The Celtic Cross of Monasterboice
- 27mm High and 12mm Wide.
- Available in White Gold and Yellow Gold.
- Come With 18 Inch Chain.
- Double sided Cross Engraving
- Handmade in Ireland
- Hallmarked at the Assay Office at Dublin Castle
The Cross of Muiredach at Monasterboice in Co. Louth is one of the most beautiful of the Irish High Crosses still standing. At the base of the West side can still be seen the inscription in Irish, OR DO MUIREDACH LASNDERNAD IN CHROS“, which when translated reads A prayer for Muiredach, for whom this cross was made. Most scholars think that this applied to Muiredach, son of Domhaill, an abbot of Monasterboice who died about AD922.
The main sculpture on the circular head on the west face is an elaborate Crucifixion scene while on the eastern face there is an even more interesting and elaborate Last Judgement. The face of the shaft on the west side shows incidents in the Life of our Lord, incidents from the Old Testament, stories from the lives of the Saints and symbolic figures. However, the scenes on our High crosses are not confined to biblical and religious subjects only and there are scenes on the Muiredach Cross that are open to different interpretations. The scenes on the shaft of the cross are read from the bottom up. These are said to represent Christ seized in the Garden; The Incredulity of Thomas is said to be thrusting his hand into Our Lord’s side; and Christ seated between Peter and Paul, giving the keys to the one and The Book of the Gospel to the other.
A very different interpretation has also been suggested, particularly by the late Mr. Henry Morris. This interpretation would see the panel as representing two Viking soldiers and suggests that the central figure is the Celtic Abbot whom they are seizing roughly. Above, the same two men with the Viking moustaches are shown, but now they are wearing ecclesiastical robes, while the central figure, clean shaven and with a coronal tonsure as before, has his hand raised in blessing. At the top, all three ecclesiastics are wearing Viking moustaches, and they have the Keys and the Book of Gospels. those who read the panels this way say they tell the story of the encounter of the Abbot with the Viking invaders, the latter’s eventual conversion to Christianity and indeed acceptance as monks at Monasterboice, and finally the time when one of their number became the Abbot of the monastery.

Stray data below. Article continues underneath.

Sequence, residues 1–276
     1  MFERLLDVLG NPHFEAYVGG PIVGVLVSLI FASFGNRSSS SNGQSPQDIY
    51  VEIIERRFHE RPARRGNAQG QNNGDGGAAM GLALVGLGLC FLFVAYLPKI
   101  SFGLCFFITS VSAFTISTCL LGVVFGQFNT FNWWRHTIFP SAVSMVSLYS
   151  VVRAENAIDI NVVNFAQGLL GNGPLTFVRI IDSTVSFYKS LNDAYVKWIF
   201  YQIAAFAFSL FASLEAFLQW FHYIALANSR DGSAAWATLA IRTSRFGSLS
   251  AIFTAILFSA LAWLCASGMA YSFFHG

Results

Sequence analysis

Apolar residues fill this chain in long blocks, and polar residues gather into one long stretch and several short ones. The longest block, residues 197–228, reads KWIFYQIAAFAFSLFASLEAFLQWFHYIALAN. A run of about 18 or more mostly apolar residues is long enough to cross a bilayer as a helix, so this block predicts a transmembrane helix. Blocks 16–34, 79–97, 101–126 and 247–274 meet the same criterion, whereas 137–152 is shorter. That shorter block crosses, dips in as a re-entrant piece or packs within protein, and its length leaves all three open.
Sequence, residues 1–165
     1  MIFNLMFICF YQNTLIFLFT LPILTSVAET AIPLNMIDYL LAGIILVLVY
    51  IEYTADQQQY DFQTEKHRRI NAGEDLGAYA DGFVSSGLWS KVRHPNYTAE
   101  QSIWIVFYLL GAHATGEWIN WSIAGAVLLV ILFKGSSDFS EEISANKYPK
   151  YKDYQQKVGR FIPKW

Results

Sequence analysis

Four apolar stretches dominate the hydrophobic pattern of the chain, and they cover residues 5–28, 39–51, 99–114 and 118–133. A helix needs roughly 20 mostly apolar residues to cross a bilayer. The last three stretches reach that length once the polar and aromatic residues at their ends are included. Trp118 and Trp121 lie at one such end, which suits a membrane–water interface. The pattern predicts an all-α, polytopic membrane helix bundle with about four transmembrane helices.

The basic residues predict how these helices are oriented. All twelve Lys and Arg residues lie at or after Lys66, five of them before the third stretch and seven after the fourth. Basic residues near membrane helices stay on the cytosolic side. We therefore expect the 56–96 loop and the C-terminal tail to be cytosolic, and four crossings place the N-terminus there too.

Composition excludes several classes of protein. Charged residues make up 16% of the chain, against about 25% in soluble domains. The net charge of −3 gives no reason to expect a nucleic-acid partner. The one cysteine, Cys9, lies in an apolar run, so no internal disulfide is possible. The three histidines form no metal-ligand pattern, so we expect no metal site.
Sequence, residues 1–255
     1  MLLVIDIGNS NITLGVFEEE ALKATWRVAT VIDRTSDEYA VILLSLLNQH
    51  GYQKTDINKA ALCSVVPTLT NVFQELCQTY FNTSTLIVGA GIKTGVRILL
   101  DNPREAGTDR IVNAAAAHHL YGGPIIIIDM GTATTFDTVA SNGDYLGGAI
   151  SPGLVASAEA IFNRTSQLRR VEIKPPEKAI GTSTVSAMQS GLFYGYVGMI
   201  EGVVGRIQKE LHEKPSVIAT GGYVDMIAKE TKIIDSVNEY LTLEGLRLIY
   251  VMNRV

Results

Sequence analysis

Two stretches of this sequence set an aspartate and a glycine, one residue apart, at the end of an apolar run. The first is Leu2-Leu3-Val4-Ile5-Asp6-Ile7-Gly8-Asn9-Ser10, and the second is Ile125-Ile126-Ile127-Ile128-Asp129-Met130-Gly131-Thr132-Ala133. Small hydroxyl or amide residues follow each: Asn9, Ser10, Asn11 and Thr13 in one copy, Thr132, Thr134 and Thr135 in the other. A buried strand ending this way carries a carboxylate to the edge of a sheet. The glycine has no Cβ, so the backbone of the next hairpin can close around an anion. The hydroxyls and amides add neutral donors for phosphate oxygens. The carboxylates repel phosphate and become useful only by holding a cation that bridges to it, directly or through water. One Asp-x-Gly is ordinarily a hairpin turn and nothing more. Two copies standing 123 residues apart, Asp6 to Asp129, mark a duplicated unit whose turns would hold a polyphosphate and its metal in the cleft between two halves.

There is some historical support for this theory. One of the first permanent Viking settlements, a fortified stronghold, was made eight miles from Monasterboice at Annagassan on the Louth coast in AD 840. It is recorded that from there the Vikings plundered Clonmacnoise in the west in 841 and Armagh in the North in 850. Yet Monasterboice, a couple of hours march away, was never plundered by them. They remained at Annagassan until 925 and must have had contact with the monastery. If indeed some of their number became Christians and then Monks, then Monasterboice’s immunity from attack is explained. There is also evidence in the Cross itself that the more usual Scriptural explanation of these three panels is unsatisfactory. While one could accept that the artist might well show Roman soldiers carrying the weapons of and looking like the dreaded Viking soldiers, it seems odd to give St. Thomas a Viking moustache. Also if this panel is showing doubting Thomas, then Thomas appears to be putting his hand into a wound on our Lord’s right side, but in the Crucifixion scene, on the circular head above, our Lord is shown receiving the wound on his left side. These are small inconsistencies that could have other explanations, but if the story of the viking converts is accepted the inconsistencies disappear altogether.